0.079
0.050
0.044
0.087
0.183
0.326
(c) SRSS
0.111
0.111
0.111
0.111
0.111
0.111
0.111
0.111
0.111
(d) Uniform
26
Target roof displacement
δt = Target roof displacement
C0 = Factor to relate spectral displacement to roof disp.
C1 = Factor to relate inelastic to elastic displacement
C2 = Factor to include degradation of hysteresis loop
C3 = Factor to include P-Delta effect
Sa = Elastic spectral acceleration
Te = Effective period
gTSCCCC eat 2
2
3210 4πδ =
27
Limitation of NSP (FEMA-273: 2.9.2.1)
The NSP should not be used for structures in which higher mode effects are significant because it assumes that the response is controlled by a single (fundamental) mode
This leads to the development of modal pushover analysis (MPA), which includes the contribution of higher modes
28
Part 2: Modal Pushover Analysis (MPA)
29
Outline of Part 2Dynamic Analysis Procedures
Elastic buildingInelastic building
Evaluation of Modal Pushover Analysis (MPA) using generic frames
Structural systems and ground motionsNonlinear Response History Analysis resultsComparison of MPA and NL-RHA results
30
Dynamic analysis proceduresElastic building
Modal Response History Analysis (RHA)Response Spectrum Analysis (RSA)
Inelastic buildingNonlinear Response History Analysis (NL-RHA)Uncoupled Modal RHA (UMRHA)Modal Pushover Analysis (MPA)
6
31
Elastic systems
Equations of Motions
m, c, k = mass, damping, and stiffness matrices
= ground acceleration, ι = [1 1 … 1]T
( )gu t+ + = −mu cu ku mι
( )gu t
32
Modal Response History Analysis (RHA)
Equation of motions can be uncoupled using eigenvectors of mass and stiffness matrices, which are mode shapes φn
1 1
N N
n n n nn n
D= =
= = Γ∑ ∑u u φ
T Tnn n n n n n
n
L L MM
Γ = = =φ m φ mφι
( )22n n n n n n gD D D u tζ ω ω+ + = −
33
Modal RHA
( ) ( )eff gt u t= −p mι1 1
N N
n n nn n= =
= = Γ∑ ∑m s mι φ
( ) ( ) ( )eff eff ,1 1
N N
n n gn n
t t u t= =
= = −∑ ∑p p s
−m 0 m0
1
2
3
4
5
6
Sto
ry
s
=
−m 0 m
+
s1
−m 0 m
+
s2
−m 0 m
+ ...
s3
• Effective earthquake force peff(t) can also be decomposed into modes
34
Modal RHA
Key concepts
Response of each mode is controlled by the response Dn(t) of modal SDF system to üg(t)
Response un(t) is due to peff,n(t) and is proportional to the nth mode shape
35
Modal RHA
For a response quantity, r, the total response
where rnst is the modal static response [Chopra,
2001]
2
1 1( ) ( ) ( )
N Nst
n n n nn n
r t r t r D tω= =
= =∑ ∑
36
Response Spectrum Analysis (RSA)
The peak value of r(t) is estimated from
Square Root of Sum Square (SRSS)
where and
which can be obtained from deformation spectrum
2
1
N
o non
r r=∑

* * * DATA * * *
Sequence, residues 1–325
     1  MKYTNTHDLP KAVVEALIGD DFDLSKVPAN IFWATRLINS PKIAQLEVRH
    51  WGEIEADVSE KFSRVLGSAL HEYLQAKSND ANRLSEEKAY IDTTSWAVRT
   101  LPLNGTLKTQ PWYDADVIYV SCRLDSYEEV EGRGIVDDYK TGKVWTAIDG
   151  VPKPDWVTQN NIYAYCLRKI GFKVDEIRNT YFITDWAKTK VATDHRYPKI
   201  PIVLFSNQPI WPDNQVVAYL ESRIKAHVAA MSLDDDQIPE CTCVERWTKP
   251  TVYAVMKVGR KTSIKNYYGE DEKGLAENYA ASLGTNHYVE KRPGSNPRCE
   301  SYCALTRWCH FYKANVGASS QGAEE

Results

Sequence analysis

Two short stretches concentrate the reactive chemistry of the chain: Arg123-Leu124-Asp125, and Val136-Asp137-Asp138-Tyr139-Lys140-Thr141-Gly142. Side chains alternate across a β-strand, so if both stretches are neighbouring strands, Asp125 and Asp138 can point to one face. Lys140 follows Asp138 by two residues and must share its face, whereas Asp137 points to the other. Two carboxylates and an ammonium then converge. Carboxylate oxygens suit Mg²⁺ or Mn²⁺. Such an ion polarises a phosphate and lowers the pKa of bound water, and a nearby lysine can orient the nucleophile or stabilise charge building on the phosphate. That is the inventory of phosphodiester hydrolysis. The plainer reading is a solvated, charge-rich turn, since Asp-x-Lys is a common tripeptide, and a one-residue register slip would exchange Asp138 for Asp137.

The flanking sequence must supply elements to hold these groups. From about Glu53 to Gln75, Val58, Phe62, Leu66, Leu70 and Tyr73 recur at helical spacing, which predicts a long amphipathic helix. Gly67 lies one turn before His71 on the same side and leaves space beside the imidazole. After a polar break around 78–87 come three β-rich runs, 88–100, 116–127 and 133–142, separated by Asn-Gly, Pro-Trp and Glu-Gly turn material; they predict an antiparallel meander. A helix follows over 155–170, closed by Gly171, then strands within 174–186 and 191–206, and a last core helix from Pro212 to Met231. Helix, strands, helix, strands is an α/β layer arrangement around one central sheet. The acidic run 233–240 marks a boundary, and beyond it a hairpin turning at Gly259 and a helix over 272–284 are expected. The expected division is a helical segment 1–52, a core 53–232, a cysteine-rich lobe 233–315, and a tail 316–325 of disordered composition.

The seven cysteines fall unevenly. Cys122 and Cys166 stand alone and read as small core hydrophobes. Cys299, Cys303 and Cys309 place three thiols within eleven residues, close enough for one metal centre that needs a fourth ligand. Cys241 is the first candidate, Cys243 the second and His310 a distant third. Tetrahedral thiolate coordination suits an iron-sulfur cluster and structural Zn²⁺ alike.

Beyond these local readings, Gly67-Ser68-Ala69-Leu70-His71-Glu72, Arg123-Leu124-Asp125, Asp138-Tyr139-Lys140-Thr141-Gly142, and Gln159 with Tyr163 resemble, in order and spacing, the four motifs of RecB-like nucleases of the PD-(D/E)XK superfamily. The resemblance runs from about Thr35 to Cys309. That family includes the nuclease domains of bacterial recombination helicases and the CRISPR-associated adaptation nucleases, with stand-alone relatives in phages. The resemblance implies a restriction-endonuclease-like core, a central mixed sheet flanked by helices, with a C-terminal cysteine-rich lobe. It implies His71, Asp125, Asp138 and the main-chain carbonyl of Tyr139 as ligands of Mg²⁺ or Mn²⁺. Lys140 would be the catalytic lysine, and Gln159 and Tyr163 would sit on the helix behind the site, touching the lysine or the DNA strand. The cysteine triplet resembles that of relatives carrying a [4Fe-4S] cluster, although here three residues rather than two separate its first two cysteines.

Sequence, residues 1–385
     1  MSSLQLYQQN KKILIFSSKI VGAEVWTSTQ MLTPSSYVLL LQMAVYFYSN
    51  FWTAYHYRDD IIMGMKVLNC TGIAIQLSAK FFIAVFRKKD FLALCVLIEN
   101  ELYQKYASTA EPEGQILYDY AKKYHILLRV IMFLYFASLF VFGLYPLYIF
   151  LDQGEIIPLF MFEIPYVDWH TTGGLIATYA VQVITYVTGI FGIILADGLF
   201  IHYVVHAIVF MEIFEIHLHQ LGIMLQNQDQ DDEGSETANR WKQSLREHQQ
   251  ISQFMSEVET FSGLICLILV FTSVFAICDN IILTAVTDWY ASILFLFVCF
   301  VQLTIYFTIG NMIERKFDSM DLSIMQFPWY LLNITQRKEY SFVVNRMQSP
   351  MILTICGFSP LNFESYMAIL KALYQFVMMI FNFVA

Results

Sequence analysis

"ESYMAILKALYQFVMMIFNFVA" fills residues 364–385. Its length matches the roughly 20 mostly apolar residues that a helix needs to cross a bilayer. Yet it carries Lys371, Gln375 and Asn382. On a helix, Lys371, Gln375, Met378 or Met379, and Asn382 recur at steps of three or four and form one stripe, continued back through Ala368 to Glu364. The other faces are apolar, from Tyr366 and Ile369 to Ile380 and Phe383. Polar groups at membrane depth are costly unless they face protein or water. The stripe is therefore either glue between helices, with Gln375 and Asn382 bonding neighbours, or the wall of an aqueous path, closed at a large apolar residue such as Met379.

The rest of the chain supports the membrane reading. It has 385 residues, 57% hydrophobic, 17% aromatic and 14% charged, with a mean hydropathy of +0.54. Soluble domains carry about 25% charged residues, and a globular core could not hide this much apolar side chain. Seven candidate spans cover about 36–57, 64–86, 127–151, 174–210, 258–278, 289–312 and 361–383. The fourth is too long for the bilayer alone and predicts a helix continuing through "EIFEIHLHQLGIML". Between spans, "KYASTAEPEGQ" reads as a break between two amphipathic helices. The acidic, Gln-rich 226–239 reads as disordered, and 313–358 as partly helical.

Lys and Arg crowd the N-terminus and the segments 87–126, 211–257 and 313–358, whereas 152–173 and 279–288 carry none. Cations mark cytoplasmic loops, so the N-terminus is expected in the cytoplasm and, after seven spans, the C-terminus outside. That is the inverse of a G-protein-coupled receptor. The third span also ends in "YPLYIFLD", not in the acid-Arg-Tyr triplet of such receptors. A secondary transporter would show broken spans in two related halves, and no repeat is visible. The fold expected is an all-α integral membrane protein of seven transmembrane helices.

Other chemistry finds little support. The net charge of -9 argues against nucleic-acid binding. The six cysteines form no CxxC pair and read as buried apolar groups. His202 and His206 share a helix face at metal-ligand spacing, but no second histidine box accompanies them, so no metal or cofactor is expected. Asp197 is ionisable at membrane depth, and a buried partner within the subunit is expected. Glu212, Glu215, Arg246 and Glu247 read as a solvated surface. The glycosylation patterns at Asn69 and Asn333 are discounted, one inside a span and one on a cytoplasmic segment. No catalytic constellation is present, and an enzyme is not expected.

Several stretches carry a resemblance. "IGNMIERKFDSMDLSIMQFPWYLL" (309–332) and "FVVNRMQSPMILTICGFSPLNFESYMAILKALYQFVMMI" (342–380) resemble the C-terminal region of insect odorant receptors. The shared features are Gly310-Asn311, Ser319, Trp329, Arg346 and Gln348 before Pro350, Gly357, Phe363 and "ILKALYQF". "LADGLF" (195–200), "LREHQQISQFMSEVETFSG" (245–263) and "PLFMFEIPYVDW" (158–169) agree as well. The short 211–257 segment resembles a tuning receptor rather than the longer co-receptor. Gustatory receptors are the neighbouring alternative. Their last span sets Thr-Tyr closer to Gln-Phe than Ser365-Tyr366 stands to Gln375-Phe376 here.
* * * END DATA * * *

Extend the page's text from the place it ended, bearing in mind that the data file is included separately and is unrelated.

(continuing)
max ( )no ntD D t
∀=2st
no n n nor r Dω=
7
37
Inelastic systems
Equation of motions
is the relations between lateral forces and displacements at floors, which is no longer equal to ku after yielding occurs
( , ) ( )s gu t+ + = −mu cu f u u mι
( , )sf u u
38
Nonlinear Response History Analysis (NL-RHA)
This set of equations can be solved exactly only by numerical methods, e.g., Newmarkmethod [Chopra, 2001], widely known as nonlinear dynamic analysis or nonlinear time-history analysis.
The results of this analysis will be referred as the “exact” values.
39
Uncoupled Modal RHA (UMRHA)
Trying to uncoupled this set of equations as for elastic system leads to
which remains coupled becausedepends on all D = [ D1 D2 …DN]T
( )( , )2 snn n n n g
n
FD D u tL
ζ ω+ + = −D D
( , )snF D D
40
UMRHAIf we apply peff,n(t) excitation to an elasticsystem, use RHA to solve for the u(t) and decompose u(t) using elastic mode shapes, we find that all modes other than the nth modedo not participate.
41
−5
0
5
−4.63
Decomposed Mode 1
u r1 (
cm)
peff,1
(t) = −s1ü
g(t)
(a) Elastic
−5
0
5
0.00
Decomposed Mode 2
u r2 (
cm)
0 10 20 30−5
0
5
0.00
Decomposed Mode 3
u r3 (
cm)
Time (sec)
−1
0
1
0.00
Decomposed Mode 1
u r1 (
cm)
peff,2
(t) = −s2ü
g(t)
−1
0
1
−0.63
Decomposed Mode 2
u r2 (
cm)
0 10 20 30−1
0
1
0.00
Decomposed Mode 3
u r3 (
cm)
Time (sec)
42
UMRHAIf we apply peff,n(t) excitation to an inelastic system, use nonlinear RHA to solve for the u(t) and decompose u(t) using elastic mode shapes, we find that all modes other than the nth mode do not participate significantly.
8
43
−5
0
5 3.14 Decomposed Mode 1
u r1 (
cm)
peff,1
(t) = −s1ü
g(t)
(b) Inelastic
−5
0
5
−0.10
Decomposed Mode 2
u r2 (
cm)
0 10 20 30−5
0
5
0.01
Decomposed Mode 3
u r3 (
cm)
Time (sec)
−1
0
1
0.28Decomposed Mode 1
u r1 (
cm)
peff,2
(t) = −s2ü
g(t)
−1
0
1 0.68 Decomposed Mode 2
u r2 (
cm)
0 10 20 30−1
0
1
0.09
Decomposed Mode 3
u r3 (
cm)
Time (sec)
44
UMRHA
Making an approximation that only depends on Dn results in a set of uncoupled equations, which are equations of motions of inelastic SDF systems
where is determined from
pushover curve using mφn as force pattern
( , )snF D D
( )( , )2 sn n nn n n n g
n
F D DD D u tL
ζ ω+ + = −
( , )sn n n
n
F D DL
45
(a) Idealized Pushover Curve
ur n
Vbn
ur n y
Vbny
Actual
Idealized
1k
n
1α
nk
n
(b) Fsn
/ Ln − D
n Relationship
Dn
Fsn
/ Ln
Dny
= ur n y
/ Γn φ
r n
Vbny
/ M*n
1ω
n2
1α
nω
n2
2*
*sny bny rny n
ny nn n n rn n
F V u LD ML M Mφ
= = =Γ
46
UMRHA
The total response can be calculated as
2
1 1( ) ( ) ( )
N Nst
n n n nn n
r t r t r D tω= =
= =∑ ∑
47
Modal Pushover Analysis (MPA)The modal peak response rno is obtained from pushover analysis corresponding to target roof displacement
The total response is obtained using SRSS
rno n nr nou Dφ= Γ
2
1
N
o non
r r=∑
48
Step-by-Step Procedure of MPA
1. Determine mode shapes φn and frequencies